In Nigeria, there are mounting calls to oust the Igbo population from the north of the country — and threats of violence if they don’t comply.
Now, a group of United Nations experts have “grave concern” about the possibility of ethnic bloodshed.
This summer, an ultimatum and accompanying social media campaign in the northern Hausa language urged Nigerians to destroy the property of Igbo people and kill anyone who refuses to leave the north.
“We are gravely concerned about this proliferation of hate messages and incitement to violence against the Igbo and their property,” a group of experts, including specialists on racism and racial conflict, said in a joint statement, “especially considering the previous history of such violence.”
The Igbo are one of Nigeria’s largest ethnic groups and live primarily in the south of the country, in a large area known as Igboland or Biafra, but also make up a large minority in other areas. In the 1960s, the Igbo made a bid for national independence in the south and a civil war engulfed the country. Millions of Igbo died as a result of fighting or starvation. National aspirations are on the rise again — and many Igbo view Zionism and the Jewish people as a model for their own goals.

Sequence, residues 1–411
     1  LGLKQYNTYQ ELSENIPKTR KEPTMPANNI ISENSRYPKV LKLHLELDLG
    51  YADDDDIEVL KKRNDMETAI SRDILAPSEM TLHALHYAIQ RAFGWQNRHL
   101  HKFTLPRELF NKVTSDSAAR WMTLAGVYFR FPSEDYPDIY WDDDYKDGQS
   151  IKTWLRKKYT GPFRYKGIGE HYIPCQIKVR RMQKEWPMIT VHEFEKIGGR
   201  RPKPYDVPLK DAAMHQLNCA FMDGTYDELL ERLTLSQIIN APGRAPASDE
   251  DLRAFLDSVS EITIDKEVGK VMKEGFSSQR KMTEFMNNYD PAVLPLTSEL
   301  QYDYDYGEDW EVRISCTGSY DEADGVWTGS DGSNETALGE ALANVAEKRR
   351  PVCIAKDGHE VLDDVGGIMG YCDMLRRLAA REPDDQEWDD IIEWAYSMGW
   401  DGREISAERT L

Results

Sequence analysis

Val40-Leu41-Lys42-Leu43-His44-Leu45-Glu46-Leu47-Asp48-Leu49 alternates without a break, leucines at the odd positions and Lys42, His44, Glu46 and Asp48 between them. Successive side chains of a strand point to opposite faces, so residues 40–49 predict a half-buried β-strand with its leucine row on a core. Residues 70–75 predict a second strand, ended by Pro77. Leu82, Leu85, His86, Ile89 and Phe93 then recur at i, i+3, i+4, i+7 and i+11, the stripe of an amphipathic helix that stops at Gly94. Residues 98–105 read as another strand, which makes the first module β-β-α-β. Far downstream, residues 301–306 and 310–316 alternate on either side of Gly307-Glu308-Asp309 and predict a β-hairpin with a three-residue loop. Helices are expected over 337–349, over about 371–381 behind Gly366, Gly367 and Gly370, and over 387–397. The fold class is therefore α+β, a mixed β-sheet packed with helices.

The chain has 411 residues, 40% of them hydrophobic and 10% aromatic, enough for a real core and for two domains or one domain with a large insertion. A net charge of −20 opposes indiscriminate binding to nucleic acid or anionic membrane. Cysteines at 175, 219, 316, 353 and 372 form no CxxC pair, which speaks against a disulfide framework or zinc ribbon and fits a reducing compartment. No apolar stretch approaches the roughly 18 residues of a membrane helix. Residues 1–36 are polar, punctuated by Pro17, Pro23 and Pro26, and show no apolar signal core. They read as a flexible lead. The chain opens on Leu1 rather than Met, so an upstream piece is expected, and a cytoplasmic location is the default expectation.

While most of the 34 million Igbo are Christian, there is a widespread belief among the Igbo that they are the descendants of the biblical Israelites. In more recent decades, Igbo have been adopting rabbinic Jewish rituals and belief into religious services. The leader of the growing Igbo separatist movement, Nnamdi Kanu, calls himself a Jew and leads rallies dressed in Jewish garb. Some have converted to Judaism and there are dozens of synagogues in the country.